I will write this week’s letter from Tampa, as I have to make a quick trip there to meet with some medical research teams, along with my friend and colleague Patrick Cox. There are fascinating discoveries being made, and I have an opportunity to talk with a newly forming group that is working on the types of changes we all want. What a fascinating world I have stumbled into, where I seem to have a front-row seat to watch all sorts of stupendous changes unfold. Have a great week.
Your once again running to the gate analyst,
John Mauldin, Editor
Outside the Box
The Demographic Cliff Around the World
By Harry Dent
(An excerpt from chapter 1 of The Demographic Cliff: How to Survive and Prosper During the Great Deflation of 2014-2019)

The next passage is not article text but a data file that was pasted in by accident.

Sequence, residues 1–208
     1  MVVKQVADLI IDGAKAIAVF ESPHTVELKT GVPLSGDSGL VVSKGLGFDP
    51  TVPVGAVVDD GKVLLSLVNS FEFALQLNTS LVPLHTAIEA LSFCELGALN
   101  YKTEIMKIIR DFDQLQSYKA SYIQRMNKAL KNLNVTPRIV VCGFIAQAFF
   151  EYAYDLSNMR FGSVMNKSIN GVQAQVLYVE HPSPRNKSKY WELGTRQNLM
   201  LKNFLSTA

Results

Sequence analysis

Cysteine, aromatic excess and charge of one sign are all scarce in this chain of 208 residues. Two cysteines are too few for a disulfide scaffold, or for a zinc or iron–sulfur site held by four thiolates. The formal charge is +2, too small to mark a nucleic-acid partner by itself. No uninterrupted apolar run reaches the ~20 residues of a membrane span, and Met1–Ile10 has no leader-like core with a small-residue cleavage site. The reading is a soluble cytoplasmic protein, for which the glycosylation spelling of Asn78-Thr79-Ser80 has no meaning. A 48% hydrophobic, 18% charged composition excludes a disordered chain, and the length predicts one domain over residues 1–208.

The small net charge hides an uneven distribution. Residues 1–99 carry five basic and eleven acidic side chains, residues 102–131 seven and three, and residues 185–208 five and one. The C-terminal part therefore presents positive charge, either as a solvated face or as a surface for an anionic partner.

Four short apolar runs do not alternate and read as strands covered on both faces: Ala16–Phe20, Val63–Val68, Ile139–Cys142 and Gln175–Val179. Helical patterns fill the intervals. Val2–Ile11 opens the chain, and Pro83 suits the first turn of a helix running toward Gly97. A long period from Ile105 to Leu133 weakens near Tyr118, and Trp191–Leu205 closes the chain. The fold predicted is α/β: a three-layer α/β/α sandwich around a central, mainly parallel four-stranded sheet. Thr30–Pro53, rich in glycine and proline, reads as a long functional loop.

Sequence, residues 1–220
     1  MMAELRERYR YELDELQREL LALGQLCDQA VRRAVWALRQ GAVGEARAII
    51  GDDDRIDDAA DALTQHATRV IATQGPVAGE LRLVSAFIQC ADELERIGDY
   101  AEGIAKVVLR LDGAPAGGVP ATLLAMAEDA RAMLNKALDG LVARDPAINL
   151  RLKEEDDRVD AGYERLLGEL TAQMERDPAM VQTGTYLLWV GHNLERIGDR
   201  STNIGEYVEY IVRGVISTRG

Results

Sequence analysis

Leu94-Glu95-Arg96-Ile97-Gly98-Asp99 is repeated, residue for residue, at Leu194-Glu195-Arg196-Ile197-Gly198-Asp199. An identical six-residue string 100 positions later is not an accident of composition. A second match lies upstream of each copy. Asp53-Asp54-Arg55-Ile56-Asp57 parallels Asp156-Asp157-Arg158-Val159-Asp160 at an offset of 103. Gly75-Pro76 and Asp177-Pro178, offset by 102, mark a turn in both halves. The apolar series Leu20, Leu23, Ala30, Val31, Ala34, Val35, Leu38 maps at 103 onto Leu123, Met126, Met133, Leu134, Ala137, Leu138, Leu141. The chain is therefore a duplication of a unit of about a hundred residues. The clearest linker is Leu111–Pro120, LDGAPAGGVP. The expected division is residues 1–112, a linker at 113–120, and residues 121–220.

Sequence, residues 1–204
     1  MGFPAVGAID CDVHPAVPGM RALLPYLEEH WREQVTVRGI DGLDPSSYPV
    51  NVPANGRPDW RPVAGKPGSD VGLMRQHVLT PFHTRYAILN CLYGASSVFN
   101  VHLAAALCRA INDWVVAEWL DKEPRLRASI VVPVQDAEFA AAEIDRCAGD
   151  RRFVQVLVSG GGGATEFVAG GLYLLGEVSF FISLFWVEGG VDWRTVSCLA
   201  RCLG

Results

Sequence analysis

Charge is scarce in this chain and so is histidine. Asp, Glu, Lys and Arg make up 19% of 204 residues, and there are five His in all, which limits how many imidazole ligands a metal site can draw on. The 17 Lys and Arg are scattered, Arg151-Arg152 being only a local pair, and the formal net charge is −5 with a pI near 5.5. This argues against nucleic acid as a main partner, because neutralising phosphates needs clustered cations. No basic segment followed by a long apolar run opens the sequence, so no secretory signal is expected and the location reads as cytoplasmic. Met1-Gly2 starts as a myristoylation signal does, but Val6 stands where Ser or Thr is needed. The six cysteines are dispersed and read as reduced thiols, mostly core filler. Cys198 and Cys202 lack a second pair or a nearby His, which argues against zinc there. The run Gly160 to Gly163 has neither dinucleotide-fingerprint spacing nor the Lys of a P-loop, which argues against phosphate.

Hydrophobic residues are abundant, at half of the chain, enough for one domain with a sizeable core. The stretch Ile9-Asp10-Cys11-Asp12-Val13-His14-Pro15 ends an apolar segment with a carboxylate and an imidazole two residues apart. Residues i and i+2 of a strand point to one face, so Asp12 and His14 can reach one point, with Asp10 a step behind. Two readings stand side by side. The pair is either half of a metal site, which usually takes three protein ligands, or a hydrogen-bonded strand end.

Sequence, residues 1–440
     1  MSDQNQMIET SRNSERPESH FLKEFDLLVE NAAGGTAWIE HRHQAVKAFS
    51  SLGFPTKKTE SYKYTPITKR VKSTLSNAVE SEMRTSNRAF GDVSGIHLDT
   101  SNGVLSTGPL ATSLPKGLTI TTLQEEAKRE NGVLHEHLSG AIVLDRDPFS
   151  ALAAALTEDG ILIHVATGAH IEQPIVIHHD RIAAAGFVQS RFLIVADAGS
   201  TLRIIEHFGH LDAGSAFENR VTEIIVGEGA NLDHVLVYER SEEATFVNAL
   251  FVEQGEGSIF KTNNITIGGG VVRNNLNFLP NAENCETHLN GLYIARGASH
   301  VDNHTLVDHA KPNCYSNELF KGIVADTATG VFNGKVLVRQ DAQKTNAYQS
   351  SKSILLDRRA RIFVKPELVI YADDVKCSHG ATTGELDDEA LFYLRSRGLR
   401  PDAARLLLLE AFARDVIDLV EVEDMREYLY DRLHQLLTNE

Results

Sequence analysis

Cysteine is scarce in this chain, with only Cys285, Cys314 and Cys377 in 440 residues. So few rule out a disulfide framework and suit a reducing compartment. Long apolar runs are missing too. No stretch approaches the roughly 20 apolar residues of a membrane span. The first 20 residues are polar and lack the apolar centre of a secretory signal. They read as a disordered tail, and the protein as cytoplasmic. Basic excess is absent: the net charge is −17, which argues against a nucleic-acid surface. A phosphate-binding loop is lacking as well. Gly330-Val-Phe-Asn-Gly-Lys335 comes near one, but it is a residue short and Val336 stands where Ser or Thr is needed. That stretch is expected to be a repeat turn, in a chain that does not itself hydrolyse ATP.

One simple indicator warned of the crashes in Japan from late 1989 forward and in the United States in 2008. It’s called the Spending Wave.
The wave is not a function of stock valuations, but of consumer spending patterns over the course of their life cycle. It’s about the predictable things people do as they age.
Demographics tell us a typical household spends the most money when the head of the household is age fortyâ€ six—when, on average, the parents see their kids leaving the nest.